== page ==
"Abingdon Square Park" Greenwich Village Tip by von.otter
Greenwich Village, New York City: 79 reviews and 197 photos
?Abingdon Square has been so long crowned with fine trees that a winding walkway ending in a little plaza, and bordered by a few shrubs and little bedding was all that could be satisfactorily done; shrubs and flowers would not thrive in such deep shade.?
? NYC Parks Superintendent Samuel Parsons Jr. wrote in 1892
The Abingdon Square Park, once part of a 300-acre estate bought by the Royal Naval officer Vice-Admiral Sir Peter Warren in 1740, was named for Warren?s daughter, Charlotte, Countess of Abingdon, who lived here during the 18th century. She married Willoughby Bertie, the fourth Earl of Abingdon in 1768; the land was a wedding gift from her father.
Measuring .222 acres, Abingdon Square is a trapezoidal-shaped plot of land bordered by Eight Avenue and Bank Street, Hudson Street, and West 12th Street (once called Troy Street). It has been a public park since 1836.
In 1921, 20,000 on-lookers gathered at the park to see New York Governor Alfred E. Smith unveil the Abingdon Square Memorial, also known as the Abingdon Doughboy (see photos #1, #2, and #3). This sculpture, designed by Philip Martiny (1858?1927), honors the memory of local men who gave their lives in the First World War. Standing on a gray granite pedestal, this dramatic bronze shows a foot soldier holding an American flag that engulfs him. This is one of my favorite works of public art in the city; its movement can be felt and the doughboy?s cry can be heard. The Jefferson Democratic Club made a gift of the monument; the organization?s headquarters stood across from the park on the site of today?s Emory Roth-designed co-op apartment house at 299 West 12th Street.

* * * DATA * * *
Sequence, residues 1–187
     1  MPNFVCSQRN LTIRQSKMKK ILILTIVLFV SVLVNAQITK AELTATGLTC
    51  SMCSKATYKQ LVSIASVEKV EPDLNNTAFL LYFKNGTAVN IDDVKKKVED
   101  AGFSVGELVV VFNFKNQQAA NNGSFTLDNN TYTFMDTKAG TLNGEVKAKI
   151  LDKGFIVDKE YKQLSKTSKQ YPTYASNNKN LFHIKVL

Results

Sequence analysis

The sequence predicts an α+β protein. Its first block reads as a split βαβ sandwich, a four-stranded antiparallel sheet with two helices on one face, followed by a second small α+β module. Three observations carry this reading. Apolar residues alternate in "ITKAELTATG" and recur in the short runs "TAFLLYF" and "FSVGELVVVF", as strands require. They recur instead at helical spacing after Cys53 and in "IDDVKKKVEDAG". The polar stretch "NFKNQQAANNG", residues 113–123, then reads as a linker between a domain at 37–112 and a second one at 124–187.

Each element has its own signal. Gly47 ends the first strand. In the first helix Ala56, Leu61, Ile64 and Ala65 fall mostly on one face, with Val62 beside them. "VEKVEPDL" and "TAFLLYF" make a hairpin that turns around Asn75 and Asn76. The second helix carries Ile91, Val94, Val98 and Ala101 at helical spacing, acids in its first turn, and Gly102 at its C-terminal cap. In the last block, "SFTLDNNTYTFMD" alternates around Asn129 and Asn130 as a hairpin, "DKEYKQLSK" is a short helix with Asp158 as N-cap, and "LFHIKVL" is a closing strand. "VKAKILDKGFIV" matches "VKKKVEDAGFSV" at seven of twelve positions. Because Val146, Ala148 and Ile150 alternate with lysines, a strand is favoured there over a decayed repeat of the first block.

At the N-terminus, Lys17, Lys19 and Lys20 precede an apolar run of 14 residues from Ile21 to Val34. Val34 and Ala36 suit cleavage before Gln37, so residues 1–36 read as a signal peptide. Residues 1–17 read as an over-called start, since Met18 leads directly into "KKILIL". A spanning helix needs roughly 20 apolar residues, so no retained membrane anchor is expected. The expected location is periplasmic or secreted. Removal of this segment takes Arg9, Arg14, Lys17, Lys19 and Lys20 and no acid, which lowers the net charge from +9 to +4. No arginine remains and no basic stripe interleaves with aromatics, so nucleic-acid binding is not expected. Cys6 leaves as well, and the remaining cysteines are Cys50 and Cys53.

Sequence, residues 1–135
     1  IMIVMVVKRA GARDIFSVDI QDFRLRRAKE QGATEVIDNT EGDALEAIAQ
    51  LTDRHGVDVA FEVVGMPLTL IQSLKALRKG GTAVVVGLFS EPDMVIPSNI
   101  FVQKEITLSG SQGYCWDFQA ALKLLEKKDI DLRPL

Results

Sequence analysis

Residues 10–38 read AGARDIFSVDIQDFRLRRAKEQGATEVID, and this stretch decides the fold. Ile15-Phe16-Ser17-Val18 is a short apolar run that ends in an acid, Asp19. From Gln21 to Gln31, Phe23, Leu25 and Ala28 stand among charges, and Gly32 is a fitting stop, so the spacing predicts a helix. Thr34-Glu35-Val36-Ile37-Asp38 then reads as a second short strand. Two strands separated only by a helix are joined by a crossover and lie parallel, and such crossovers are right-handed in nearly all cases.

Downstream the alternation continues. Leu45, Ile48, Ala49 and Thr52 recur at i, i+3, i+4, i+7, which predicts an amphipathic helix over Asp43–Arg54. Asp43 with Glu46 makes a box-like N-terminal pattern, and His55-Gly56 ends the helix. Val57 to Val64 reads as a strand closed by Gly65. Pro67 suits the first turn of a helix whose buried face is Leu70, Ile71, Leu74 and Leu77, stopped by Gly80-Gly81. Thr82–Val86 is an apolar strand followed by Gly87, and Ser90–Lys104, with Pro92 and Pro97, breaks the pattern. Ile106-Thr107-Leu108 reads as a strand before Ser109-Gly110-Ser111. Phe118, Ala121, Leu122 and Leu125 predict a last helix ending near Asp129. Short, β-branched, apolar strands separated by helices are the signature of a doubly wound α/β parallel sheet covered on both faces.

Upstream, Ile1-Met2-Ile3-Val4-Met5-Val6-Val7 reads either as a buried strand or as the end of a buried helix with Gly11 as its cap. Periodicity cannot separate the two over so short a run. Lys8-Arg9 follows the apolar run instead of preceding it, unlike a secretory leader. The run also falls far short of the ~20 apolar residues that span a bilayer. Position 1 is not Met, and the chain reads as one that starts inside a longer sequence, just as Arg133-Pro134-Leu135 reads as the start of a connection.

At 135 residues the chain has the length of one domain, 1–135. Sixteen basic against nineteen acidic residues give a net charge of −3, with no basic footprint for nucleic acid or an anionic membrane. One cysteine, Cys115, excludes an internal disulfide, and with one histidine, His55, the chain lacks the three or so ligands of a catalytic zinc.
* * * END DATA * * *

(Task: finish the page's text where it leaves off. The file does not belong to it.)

This monument was conserved in 1993. And the entire park was beautifully redesigned in the early years of the 21st century, featuring park benches, drinking fountains, flowering trees, and flowers, that Superintendent Parsons asserted would not thrive!
When ambling about the West Village this is an ideal spot to take a break and enjoy the world passing by. You can buy juice and a pastry or fruit from a vendor in the Saturday Farmers Market held here during the spring, summer and fall. The market rings the park?s perimeter, selling fresh fish, fresh fruits and vegetables, baked goods and flowers.
Address: Eighth Avenue and West 12th Street
Directions: Take the blue line subways A, C, or E to 14th Street and Eighth Ave stop. Walk four blocks south, against the Eighth Avenue traffic, to reach Abington Square Park.
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